In order to avoid confrontation with the Senate and to get the highway pork rolling by July 1, House Republicans caved to Senate Majority Leader Harry Reid on nearly every demand. Republican reformers in the House had originally sought to give more power and flexibility to the states on road projects, repeal onerous environmental rules that inflate the cost of federal construction projects, and curtail funding for wasteful urban transit projects. They also wanted the Keystone XL pipeline built and a shortfall in road funding to be covered by royalties from increased oil and gas drilling on federal lands. Virtually none of these provisions survived.
Without the drilling money the bill elevates fiscal accounting hocus pocus to new heights. For example, it pays for 27 months of road funding with 10 years of budget savings and revenue measures. Isn't that exactly the trick ObamaCare used for financing and that Republicans denounced? As Marc Scribner, transportation expert at the Competitive Enterprise Institute notes, "this just makes the funding problem even worse two years from now when a new highway bill has to be passed. It's just a bunch of phony pay fors."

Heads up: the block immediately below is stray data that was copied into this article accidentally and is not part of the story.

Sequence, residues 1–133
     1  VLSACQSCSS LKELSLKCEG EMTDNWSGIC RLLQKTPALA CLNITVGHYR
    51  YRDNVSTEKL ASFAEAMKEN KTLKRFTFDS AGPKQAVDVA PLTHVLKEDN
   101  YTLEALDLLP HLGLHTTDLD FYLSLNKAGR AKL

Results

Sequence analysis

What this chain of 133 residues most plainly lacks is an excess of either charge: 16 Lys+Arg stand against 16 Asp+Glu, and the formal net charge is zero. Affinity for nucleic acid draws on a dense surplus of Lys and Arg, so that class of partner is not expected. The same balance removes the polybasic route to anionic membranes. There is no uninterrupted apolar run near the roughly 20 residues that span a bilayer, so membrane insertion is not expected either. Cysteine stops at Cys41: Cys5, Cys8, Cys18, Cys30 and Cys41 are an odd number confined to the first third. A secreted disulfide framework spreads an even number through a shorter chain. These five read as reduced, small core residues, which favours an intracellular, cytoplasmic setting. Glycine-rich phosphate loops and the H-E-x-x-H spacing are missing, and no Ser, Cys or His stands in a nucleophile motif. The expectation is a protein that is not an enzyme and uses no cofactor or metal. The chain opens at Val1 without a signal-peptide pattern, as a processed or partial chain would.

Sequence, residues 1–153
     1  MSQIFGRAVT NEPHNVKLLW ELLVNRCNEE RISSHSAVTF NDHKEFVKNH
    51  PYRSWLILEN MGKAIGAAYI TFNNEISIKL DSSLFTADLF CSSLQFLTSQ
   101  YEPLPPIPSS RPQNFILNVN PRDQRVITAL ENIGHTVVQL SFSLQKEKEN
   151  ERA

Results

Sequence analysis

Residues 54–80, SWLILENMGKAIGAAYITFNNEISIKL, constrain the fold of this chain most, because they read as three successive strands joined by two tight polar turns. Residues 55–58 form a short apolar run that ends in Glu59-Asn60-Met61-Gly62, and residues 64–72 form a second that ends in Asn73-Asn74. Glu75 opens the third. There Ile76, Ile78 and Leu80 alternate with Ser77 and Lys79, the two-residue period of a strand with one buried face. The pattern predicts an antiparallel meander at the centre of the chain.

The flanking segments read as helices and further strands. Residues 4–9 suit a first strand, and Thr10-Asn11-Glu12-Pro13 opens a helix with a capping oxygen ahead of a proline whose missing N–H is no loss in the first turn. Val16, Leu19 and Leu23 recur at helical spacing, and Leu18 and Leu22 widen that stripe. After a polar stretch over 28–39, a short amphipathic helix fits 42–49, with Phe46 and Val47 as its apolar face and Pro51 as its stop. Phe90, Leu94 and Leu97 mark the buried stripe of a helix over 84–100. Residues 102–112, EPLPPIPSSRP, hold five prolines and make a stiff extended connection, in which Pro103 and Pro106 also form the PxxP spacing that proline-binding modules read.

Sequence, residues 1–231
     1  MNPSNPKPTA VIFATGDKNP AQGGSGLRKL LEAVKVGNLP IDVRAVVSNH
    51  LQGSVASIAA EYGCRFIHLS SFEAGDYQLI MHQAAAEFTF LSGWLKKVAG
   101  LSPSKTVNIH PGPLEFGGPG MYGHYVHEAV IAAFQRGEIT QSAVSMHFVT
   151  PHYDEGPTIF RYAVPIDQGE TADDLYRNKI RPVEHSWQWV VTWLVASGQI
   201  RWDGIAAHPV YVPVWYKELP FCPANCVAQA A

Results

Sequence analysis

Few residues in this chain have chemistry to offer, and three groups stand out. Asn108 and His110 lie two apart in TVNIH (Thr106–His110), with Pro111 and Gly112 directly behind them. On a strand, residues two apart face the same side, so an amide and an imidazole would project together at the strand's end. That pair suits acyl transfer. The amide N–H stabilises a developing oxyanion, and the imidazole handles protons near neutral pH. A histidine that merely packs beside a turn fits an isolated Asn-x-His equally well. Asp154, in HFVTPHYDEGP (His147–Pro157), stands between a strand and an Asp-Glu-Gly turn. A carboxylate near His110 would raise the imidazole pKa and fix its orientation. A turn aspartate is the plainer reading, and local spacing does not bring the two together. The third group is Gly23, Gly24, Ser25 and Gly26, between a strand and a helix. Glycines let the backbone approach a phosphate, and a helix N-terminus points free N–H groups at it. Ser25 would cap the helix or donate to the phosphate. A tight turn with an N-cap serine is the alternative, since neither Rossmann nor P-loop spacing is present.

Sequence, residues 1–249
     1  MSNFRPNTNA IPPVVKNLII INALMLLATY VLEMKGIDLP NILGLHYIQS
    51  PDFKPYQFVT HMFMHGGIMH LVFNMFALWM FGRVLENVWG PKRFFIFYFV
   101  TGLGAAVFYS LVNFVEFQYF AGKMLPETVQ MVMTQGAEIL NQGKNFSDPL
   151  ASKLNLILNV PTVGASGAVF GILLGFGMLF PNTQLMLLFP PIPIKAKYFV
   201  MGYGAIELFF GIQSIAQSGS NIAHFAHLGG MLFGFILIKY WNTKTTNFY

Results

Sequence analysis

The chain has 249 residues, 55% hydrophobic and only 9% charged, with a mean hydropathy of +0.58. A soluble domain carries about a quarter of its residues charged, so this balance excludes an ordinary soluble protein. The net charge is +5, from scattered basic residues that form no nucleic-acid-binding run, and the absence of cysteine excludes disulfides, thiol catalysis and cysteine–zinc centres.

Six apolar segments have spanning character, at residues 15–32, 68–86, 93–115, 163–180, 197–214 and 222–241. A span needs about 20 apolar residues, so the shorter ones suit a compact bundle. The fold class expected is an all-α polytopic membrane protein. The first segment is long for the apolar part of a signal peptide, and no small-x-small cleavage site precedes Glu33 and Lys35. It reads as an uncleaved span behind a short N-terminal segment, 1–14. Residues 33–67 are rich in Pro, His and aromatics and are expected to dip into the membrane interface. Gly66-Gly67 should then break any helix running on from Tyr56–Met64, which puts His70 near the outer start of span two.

Highway bills are supposed to be financed with gas tax money, but because Congress wanted to spend so much more than is collected and didn't want to cut spending or raise the gas tax, Mr. Scribner calculates that the bill is a $20 billion raid on the general fund (which is $1.2 trillion in deficit) to pay for the spending programs. This makes the deficit worse. The bill "saves" some $3 billion by raiding various non-transportation trust funds with unspent dollars. It spends about $8 billion on obsolete transit projects (less than three percent of trips are taken on mass transit), thanks to an unholy alliance between big city Democrats and suburban Republicans.
Worst of all is the $9 billion pension gimmick. The bill "saves" $9 billion by reducing the required corporate contributions to pension funds. This will raise income-tax revenues for the government because pension contributions are tax deductible. So businesses will have fewer tax deductions under this scam and pay more tax. But the Pension Benefit Guarantee Corporation estimates these corporate pensions are $26 billion underfunded already. They should be contributing more, not less to the fund. And guess who is on the hook for underfunded pensions? Taxpayers.
Oh and did I fail to mention the spending bill also extends the low interest rate on student loans, again with no reforms to bloated and unaccountable universities? The evidence is clear that more subsidies through federal aid only increase tuition. This provision adds $6 billion to federal spending.
Polls are showing that many voters don't think it matters which party wins Congress or the White House in 2012. It's bipartisan spending raids like this that convince voters that there ain't a dime's worth of difference between the two parties.